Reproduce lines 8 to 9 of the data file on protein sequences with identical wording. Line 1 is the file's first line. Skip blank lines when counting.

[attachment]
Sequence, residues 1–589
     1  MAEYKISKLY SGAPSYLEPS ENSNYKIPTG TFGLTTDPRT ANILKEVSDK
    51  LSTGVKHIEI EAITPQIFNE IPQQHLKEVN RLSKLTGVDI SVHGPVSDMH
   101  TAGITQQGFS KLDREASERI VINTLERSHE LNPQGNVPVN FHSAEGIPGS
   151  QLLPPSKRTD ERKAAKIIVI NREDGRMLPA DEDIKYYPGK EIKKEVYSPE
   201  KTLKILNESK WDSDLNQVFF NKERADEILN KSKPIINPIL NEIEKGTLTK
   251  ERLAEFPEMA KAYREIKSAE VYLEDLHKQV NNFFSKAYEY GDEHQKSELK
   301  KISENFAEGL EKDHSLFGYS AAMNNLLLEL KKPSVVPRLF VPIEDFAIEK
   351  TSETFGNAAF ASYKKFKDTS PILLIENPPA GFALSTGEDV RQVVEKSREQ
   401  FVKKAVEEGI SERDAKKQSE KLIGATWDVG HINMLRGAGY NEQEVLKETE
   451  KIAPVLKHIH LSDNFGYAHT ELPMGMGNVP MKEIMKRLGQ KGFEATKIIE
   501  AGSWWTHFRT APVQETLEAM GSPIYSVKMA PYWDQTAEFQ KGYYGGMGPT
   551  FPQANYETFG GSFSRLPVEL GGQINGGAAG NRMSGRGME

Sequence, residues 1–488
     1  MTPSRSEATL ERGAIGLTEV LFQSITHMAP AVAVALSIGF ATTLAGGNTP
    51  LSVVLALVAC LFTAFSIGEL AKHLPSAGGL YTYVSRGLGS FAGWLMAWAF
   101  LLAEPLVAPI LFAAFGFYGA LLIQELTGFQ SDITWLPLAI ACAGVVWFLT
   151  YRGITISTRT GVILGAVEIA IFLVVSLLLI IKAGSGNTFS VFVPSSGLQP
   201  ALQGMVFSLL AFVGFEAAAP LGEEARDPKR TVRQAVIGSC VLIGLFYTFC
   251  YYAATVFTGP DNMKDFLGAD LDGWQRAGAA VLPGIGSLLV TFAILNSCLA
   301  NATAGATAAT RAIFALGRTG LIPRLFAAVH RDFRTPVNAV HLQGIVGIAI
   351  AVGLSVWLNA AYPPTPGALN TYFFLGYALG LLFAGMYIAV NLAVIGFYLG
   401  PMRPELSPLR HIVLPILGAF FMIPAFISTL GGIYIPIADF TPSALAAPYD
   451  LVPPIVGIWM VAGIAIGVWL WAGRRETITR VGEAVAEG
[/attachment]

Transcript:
   301  KISENFAEGL EKDHSLFGYS AAMNNLLLEL KKPSVVPRLF VPIEDFAIEK
   351  TSETFGNAAF ASYKKFKDTS PILLIENPPA GFALSTGEDV RQVVEKSREQ